If you decide to go the semi route, I would suggest either a Ruger MK or Browning Buckmark. I have the Ruger 22/45 and it is a fantastic gun to learn on, practice, or just have fun with. I would however say that the Lite version is most likely an unnecessary cost with not much upside for a first gun, but that is your decision.
Good luck and again welcome.
December 4, 2012, 10:28 PM
When I got interested in handguns "back in the day", the revolver was king. I started off with revolvers and for my first .22 revolver I was deciding between a Ruger Super Single Six or a S&W Model 17. I ended up buying the Smith and still have it today. Either would have served.
I'll give two general recommendations. First, that your first purchase be a .22 caliber, and second, that you buy a top quality gun. It is not only a good "starter" gun, it is one that you will never outgrow and can always appreciate. Even if you handload your centerfire ammo, the .22 long rifle ammo is less expensive.
I still appreciate a good revolver but I often recommend, for new shooters, a Ruger Mark II/Mark III or 22/45, or a Browning Buckmark. Both are reasonably priced, accurate, well made and supported in the aftermarket (holsters, sights, etc.).
About a year ago I started shooting Steel Challenge with a .22. I like the Buckmark but ended up buying a Ruger .22/45 for a couple of reasons. First, the Ruger can be dryfired without fear of damaging the chamber. In Steel Challenge the RO directs the shooter to dry fire the gun at the end of each stage (after showing clear) to confirm that the gun is empty. The Browning does not tolerate dry firing as much. Second, I needed five magazines to shoot Steel Challenge. The Ruger came with two, the Browning with only one, and the extra magazines were less expensive with the Ruger.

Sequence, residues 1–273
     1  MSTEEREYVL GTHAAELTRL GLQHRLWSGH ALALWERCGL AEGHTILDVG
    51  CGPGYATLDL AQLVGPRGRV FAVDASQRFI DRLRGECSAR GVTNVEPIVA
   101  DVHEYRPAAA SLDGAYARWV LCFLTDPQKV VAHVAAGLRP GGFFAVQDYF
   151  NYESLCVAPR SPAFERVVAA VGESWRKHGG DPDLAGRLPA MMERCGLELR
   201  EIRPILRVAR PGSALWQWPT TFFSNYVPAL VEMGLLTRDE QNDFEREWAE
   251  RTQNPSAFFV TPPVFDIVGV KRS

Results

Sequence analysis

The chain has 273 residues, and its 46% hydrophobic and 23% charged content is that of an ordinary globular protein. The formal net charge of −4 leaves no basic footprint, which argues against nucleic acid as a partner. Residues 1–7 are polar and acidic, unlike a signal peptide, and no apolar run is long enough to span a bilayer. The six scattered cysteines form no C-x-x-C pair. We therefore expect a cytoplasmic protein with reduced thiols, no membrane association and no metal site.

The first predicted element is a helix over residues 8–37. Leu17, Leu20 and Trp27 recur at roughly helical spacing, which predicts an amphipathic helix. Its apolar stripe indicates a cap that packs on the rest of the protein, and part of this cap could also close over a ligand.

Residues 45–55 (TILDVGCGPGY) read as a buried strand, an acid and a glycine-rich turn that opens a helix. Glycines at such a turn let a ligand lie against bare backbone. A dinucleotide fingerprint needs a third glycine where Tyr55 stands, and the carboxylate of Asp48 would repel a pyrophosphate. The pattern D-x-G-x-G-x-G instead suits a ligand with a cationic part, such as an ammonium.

Good luck with your purchase.
December 4, 2012, 10:47 PM
I own the Ruger SR22 and love it. The only malfunctions have been from crappy.
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December 4, 2012, 11:21 PM
Single Six or Bearcat.
I shot 22lr pistols for years before stepping up to a .38 special. I never picked up the dreaded flinch and i attribute it to the lowly Single Six. 22lr revolvers help you to focus on accuracy too instead of clearing jams since semi-autos are usually ammo picky and revolvers will shoot anything.
December 4, 2012, 11:37 PM
Here are the handguns I own:
.22 ruger mark iii 5.5 bull barrel
.22 ruger single six 6.5 stainless
.22 ruger single six 5.5 blue
.22 ruger sr22
.380 cz 83
.380 ruger lcp
9mm cz 75b w/ kadet kit
9mm cz 75compact
9mm cz 2075 rami
.357 ruger Blackhawk
.45 rand Remington 1911
I would start with a Ruger Single Six, probably with the 5.5" version. It is just a very versatile, safe, easy gun that will remain useful for the rest of your life. Happy shooting.
December 5, 2012, 12:00 AM
My suggestions would be for one of two older .22's
1) Colt Woodsman
2) S&W K22.
These are, IME & all that, the best of their kind without getting into really serious money. Both will only be found used (though the S&W 617 is the K22's decendant and would be acceptable) and both will be a bit more expensive than some other options. OTOH, both are of very high quality and worth every penny. The only real choice point is semi-auto vs revolver. I'd get the K22 personally, but then again, my wife already has a Colt :)
Good luck & enjoy!